- A new MLI paper outlines how Canada can become a key exporter of CO2-reduced energy sources, including hydrogen, for Germany and Europe.
OTTAWA, ON: Following Russia’s invasion of Ukraine, European countries were forced to contend with their dependence on Russian energy. However, the recent signing of a Joint Declaration of Intent by Germany and Canada to establish a Hydrogen Alliance could potentially help Europe wean itself from its energy dependence on Russia.
What opportunities and challenges might such a partnership face? In this new paper, titled Canada and the Energiewende: Understanding hydrogen as an opportunity for Canadian-German partnership, MLI Senior Fellow Heather Exner-Pirot, Philipp Runge, Bernd Weber, and Veronika Grimm outline Canada’s potential to become a key exporter of CO2-reduced energy sources, including hydrogen, for Germany and Europe. This paper is being jointly published by MLI and EPICO, in cooperation with Konrad-Adenauer-Stiftung.
“Germany has a vital interest in establishing new energy partnerships and deepening existing ones. The current gas crisis in Germany also requires an acceleration of the hydrogen ramp-up in conjunction with the need to substitute Russian natural gas supplies in the short-term,” write the authors.
By contrast, with advantages in hydroelectric generation, fossil fuels, carbon capture, renewables, fresh water, and more, Canada has all the key ingredients to be a major player and partner for Germany in hydrogen. “Canada has what few other countries have: an ability to produce more energy than it could ever consume, thanks to its small population and enormous land and resource base.”
This abundance makes for a strong match between Ottawa and Berlin, given that Germany will remain a net energy importer in the medium- and long-term. Moreover, due to expected lower production costs abroad, the import of hydrogen and its derivatives seems not only reasonable but also necessary from an economic perspective.
Optimism about hydrogen development transcends political and geographic lines in Canada. However, challenges remain. For instance, Europe lacks a clear legal framework for the use of certain kinds of hydrogen, such as blue hydrogen which is derived from natural gas. Instruments intended to flank the import of hydrogen and its derivatives, such as the German funding instrument H2Global, have so far been designed exclusively for green products.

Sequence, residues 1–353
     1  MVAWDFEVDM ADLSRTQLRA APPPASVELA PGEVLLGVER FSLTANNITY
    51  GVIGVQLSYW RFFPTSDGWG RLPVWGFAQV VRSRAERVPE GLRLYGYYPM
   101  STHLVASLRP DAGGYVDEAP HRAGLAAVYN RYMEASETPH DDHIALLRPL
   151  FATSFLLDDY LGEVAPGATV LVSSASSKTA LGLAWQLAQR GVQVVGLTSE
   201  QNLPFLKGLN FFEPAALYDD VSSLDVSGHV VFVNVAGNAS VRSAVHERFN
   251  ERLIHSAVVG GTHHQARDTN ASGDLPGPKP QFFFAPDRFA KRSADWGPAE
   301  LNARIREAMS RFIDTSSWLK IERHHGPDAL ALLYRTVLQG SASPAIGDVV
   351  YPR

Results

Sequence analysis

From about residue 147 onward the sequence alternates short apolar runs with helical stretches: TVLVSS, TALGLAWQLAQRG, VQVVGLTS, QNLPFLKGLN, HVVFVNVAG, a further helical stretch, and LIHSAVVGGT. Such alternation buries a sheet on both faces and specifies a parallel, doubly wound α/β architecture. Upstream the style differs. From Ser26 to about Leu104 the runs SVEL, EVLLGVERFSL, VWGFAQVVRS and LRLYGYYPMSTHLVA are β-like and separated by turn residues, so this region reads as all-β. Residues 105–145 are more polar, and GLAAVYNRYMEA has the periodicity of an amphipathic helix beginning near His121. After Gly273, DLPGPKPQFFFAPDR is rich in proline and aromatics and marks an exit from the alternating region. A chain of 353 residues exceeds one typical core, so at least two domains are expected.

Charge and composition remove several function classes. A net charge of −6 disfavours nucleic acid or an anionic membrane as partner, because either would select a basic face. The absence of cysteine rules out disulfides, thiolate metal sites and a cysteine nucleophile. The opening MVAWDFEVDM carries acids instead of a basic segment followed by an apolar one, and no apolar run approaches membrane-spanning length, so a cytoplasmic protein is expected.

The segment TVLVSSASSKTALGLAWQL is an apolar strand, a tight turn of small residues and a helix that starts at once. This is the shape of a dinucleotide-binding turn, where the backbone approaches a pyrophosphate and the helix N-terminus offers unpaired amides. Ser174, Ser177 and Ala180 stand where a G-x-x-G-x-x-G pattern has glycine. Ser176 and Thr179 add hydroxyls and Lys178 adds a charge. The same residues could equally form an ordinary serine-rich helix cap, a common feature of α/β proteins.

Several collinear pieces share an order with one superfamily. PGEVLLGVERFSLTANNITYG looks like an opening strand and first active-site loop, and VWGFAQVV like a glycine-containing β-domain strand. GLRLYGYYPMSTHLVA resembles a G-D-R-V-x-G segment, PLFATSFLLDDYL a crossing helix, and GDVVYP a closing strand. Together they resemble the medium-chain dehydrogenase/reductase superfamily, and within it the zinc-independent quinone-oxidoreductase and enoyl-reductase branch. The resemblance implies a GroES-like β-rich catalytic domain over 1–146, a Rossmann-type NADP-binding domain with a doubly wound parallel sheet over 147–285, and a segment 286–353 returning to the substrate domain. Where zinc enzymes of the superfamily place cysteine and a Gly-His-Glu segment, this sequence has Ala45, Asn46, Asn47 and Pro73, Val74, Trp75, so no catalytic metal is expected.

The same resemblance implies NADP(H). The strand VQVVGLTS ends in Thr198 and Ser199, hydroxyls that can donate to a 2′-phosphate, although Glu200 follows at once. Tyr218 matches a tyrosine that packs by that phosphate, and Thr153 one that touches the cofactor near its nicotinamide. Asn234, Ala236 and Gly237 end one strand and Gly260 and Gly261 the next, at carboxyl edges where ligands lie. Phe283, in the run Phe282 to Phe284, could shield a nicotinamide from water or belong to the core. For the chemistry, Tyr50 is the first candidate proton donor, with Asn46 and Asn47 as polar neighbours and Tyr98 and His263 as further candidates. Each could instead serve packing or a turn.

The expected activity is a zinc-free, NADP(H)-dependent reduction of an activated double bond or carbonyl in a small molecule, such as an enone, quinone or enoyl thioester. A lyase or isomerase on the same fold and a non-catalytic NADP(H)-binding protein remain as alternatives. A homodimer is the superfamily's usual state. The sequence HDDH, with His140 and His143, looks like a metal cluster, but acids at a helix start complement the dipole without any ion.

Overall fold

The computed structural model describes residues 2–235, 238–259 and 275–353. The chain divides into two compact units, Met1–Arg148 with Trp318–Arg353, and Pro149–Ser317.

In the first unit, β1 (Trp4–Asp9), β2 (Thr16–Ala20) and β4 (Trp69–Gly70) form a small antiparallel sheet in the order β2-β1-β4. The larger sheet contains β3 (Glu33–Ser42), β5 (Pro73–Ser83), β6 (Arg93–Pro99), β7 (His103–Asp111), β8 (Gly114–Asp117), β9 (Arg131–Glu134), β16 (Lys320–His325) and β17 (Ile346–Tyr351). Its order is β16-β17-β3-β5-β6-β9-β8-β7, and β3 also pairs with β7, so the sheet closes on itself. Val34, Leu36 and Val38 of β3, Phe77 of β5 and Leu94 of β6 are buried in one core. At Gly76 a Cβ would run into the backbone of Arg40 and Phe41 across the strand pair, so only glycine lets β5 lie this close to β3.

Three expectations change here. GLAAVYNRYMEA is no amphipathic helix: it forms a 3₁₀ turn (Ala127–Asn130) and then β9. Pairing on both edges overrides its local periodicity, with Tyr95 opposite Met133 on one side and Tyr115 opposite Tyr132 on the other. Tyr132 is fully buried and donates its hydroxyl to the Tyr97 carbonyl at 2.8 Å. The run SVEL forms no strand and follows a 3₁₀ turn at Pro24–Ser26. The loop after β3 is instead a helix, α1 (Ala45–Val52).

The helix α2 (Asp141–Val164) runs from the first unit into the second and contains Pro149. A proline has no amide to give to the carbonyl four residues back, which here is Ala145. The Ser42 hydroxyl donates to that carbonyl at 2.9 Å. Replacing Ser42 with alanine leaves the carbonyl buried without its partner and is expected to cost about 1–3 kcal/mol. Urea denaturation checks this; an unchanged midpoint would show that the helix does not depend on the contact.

As a result, private-sector investments in blue hydrogen and other “non-green” hydrogen products risk becoming stranded assets. This poses a unique challenge for Canada, a country with vast natural gas reserves but is in the nascent stages of developing hydrogen production capacity.
As a next step, the concrete implementation of the German-Canadian hydrogen partnership must be prioritized. The authors argue that this partnership should be part of a larger hydrogen import strategy that includes policies to ramp-up market demand for hydrogen and its derivatives in Germany and throughout Europe in the short- and medium-term.
“The two countries share common values such as a clear commitment to universal human rights, democratic principles, a rule-based world order, free trade, resolute climate protection and effective multilateralism,” conclude the authors. “Hence, Canada has the potential to become a key exporter of CO2-reduced energy sources, including hydrogen, for Germany and Europe.”
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